“I love finding words that are just beautiful as well as strange,” says self-confessed ‘word geek’ Paul Anthony Jones. “‘Mamamouchi’ is a delight to say out loud.”
It’s one of the words featured in his book The Cabinet of Linguistic Curiosities (published by Elliott & Thompson), compiling obscure terms Jones has found in long-forgotten lexicons and out-of-print dictionaries. We’ve picked 12 of our favourites for our animation looking at ‘lost words’ with surprising meanings.
From ‘frowst’ – a 19th-Century slang word for ‘extra time spent in bed on a Sunday’ – to ‘shivviness’, ‘the uncomfortable feeling of wearing new underwear’, they’ve fallen out of use. Jones wants to resurrect them, and he’s found a receptive audience on social media.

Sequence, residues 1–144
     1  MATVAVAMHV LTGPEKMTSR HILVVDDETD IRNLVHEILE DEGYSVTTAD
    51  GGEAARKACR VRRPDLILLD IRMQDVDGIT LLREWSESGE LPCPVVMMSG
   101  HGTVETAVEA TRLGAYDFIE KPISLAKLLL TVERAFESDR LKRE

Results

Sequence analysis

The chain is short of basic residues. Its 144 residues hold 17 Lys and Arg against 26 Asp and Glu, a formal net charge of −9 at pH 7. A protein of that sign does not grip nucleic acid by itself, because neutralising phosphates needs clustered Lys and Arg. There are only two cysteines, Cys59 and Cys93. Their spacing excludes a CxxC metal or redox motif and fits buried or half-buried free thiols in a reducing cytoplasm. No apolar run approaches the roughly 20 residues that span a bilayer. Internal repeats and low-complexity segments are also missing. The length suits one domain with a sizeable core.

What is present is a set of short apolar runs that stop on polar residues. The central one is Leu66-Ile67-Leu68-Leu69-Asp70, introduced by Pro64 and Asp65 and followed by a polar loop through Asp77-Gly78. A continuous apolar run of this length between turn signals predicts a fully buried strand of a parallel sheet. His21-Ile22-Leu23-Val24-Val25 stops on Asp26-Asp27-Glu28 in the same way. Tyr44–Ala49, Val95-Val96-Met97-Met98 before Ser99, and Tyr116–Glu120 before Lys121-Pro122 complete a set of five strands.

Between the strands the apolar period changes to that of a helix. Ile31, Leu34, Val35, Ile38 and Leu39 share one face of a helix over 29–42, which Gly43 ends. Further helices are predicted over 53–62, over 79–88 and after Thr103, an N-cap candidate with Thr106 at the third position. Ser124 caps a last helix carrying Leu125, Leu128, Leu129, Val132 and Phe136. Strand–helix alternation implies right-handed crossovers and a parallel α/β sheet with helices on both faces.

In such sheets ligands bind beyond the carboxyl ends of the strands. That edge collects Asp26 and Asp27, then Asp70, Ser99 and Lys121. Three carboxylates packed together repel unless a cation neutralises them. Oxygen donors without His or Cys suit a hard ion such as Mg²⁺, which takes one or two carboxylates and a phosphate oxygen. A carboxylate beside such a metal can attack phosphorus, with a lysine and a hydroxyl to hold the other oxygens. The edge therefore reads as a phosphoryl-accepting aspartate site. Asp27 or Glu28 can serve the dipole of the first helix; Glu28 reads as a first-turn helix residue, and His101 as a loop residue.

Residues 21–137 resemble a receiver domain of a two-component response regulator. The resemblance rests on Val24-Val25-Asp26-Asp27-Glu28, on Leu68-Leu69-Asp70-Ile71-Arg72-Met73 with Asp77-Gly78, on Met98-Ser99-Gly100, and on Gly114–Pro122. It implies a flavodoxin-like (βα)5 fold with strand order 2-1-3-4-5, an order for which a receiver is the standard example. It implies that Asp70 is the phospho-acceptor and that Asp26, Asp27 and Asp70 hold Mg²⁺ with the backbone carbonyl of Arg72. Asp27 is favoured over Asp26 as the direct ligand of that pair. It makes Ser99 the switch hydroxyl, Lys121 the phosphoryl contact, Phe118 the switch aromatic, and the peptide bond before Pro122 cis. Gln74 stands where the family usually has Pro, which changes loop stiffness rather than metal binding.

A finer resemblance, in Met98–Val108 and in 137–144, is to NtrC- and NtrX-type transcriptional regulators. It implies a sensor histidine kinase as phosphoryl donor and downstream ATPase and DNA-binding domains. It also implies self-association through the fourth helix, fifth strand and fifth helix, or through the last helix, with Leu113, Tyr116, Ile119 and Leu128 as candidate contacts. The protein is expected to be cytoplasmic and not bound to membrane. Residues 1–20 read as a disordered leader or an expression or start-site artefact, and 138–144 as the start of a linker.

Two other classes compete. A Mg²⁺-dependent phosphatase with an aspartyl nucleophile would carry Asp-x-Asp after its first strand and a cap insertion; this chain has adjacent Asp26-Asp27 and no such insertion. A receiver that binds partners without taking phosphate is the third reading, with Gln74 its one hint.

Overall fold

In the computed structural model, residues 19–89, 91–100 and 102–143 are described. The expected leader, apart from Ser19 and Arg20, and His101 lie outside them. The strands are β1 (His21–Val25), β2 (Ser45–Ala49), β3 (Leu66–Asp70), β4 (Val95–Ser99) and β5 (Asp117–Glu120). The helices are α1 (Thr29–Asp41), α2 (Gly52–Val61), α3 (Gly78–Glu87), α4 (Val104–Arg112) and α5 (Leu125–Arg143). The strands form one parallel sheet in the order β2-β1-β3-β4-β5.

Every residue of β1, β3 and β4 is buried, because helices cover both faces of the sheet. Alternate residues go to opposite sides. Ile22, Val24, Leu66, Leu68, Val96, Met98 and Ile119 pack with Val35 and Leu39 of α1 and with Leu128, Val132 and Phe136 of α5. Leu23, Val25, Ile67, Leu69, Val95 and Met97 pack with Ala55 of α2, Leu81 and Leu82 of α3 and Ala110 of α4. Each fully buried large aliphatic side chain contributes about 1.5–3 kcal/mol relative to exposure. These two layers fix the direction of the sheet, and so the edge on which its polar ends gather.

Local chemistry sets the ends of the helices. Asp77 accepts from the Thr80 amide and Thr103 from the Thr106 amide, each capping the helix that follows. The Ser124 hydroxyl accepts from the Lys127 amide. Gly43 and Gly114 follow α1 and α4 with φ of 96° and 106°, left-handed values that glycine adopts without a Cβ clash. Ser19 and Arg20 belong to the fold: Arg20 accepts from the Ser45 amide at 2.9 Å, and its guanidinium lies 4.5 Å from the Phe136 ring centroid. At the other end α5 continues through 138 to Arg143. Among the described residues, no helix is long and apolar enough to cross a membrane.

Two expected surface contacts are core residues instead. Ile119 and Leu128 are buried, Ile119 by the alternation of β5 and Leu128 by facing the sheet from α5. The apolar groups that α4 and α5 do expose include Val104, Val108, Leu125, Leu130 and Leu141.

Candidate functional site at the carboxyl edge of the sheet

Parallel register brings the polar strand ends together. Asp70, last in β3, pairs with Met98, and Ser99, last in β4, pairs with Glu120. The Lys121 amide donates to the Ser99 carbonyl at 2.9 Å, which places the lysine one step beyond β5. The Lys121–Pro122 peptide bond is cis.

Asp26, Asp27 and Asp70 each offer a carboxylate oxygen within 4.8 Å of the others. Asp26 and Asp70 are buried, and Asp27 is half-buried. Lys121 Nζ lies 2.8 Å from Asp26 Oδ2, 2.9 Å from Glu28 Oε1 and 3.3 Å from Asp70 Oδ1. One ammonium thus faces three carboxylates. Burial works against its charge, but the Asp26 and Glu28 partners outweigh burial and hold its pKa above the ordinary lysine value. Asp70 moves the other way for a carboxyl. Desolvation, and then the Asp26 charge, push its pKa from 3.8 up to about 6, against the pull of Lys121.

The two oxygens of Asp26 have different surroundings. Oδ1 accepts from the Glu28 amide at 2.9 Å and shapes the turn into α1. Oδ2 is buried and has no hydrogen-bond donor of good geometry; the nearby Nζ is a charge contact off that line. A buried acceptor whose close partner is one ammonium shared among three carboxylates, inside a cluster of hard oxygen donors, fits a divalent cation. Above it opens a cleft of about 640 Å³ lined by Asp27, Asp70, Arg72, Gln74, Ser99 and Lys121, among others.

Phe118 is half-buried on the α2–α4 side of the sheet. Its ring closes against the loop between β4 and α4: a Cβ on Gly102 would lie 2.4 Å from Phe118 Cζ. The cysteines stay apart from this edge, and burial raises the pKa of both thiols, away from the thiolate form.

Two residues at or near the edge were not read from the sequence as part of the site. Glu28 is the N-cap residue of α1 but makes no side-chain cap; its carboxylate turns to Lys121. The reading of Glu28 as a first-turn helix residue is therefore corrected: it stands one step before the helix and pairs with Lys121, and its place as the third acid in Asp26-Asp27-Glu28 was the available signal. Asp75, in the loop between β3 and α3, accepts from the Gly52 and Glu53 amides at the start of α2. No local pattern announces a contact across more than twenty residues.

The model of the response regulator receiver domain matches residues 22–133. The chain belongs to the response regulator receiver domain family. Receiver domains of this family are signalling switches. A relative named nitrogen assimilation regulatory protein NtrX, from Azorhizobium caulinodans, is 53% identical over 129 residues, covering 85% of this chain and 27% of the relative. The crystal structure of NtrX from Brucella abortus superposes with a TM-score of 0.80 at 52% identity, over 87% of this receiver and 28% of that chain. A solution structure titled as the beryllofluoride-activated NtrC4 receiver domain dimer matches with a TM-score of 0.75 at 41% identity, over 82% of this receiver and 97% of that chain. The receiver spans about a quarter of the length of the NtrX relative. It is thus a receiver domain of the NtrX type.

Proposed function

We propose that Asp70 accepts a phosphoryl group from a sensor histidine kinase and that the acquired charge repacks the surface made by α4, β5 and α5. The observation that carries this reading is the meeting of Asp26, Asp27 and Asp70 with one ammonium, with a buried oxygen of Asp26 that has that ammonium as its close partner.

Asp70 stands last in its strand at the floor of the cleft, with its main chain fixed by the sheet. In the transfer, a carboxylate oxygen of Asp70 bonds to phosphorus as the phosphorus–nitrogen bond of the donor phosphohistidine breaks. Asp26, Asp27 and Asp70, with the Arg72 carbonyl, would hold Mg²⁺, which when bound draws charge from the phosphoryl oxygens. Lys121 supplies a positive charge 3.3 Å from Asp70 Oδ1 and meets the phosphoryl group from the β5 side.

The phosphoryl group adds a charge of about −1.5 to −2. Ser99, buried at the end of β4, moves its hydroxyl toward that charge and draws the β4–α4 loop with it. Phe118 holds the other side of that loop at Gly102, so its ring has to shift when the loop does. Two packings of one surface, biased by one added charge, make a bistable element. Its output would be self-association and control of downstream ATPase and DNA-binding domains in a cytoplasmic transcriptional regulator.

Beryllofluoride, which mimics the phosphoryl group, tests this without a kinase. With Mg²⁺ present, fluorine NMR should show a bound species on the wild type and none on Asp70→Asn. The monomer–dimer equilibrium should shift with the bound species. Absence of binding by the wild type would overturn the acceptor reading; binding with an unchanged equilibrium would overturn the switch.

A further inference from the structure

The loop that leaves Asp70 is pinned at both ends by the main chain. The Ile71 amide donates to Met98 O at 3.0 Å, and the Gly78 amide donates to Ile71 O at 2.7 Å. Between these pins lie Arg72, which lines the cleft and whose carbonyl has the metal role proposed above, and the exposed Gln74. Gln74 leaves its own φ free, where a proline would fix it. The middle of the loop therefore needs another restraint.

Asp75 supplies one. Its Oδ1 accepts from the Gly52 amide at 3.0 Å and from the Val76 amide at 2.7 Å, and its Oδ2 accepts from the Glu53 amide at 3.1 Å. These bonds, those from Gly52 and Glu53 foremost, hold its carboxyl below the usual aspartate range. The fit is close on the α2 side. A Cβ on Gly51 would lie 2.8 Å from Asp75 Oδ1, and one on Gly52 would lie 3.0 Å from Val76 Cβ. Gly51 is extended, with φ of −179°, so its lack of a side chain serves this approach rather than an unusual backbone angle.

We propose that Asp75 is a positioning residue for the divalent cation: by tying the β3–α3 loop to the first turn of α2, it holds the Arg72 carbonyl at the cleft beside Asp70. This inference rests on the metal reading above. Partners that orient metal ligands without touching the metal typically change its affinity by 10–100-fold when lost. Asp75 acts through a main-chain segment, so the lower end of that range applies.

“On the one hand, I’m pulling these words out of obscurity and rescuing them from the murkier corners of the dictionary – then through Twitter, which is one of the most modern things going, at the opposite end of the dictionary from the 19th-Century scholars, people are using them. It seems to fill a niche.”
Watch the animation by clicking the play button above.
And if you liked this story, sign up for the weekly bbc.com features newsletter, called “If You Only Read 6 Things This Week”. A handpicked selection of stories from BBC Future, Earth, Culture, Capital and Travel, delivered to your inbox every Friday.